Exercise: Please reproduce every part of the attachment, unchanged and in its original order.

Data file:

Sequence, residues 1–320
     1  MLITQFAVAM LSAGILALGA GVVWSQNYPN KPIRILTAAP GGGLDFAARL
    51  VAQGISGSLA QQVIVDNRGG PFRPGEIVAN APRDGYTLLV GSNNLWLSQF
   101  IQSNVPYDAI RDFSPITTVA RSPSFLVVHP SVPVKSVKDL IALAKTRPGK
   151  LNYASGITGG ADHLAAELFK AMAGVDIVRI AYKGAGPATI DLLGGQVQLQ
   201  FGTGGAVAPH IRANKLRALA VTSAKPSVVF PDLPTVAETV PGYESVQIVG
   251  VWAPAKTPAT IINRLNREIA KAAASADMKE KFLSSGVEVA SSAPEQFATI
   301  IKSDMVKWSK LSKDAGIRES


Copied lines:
Sequence, residues 1–320
     1  MLITQFAVAM LSAGILALGA GVVWSQNYPN KPIRILTAAP GGGLDFAARL
    51  VAQGISGSLA QQVIVDNRGG PFRPGEIVAN APRDGYTLLV GSNNLWLSQF
   101  IQSNVPYDAI RDFSPITTVA RSPSFLVVHP SVPVKSVKDL IALAKTRPGK
   151  LNYASGITGG ADHLAAELFK AMAGVDIVRI AYKGAGPATI DLLGGQVQLQ
   201  FGTGGAVAPH IRANKLRALA VTSAKPSVVF PDLPTVAETV PGYESVQIVG
   251  VWAPAKTPAT IINRLNREIA KAAASADMKE KFLSSGVEVA SSAPEQFATI
   301  IKSDMVKWSK LSKDAGIRES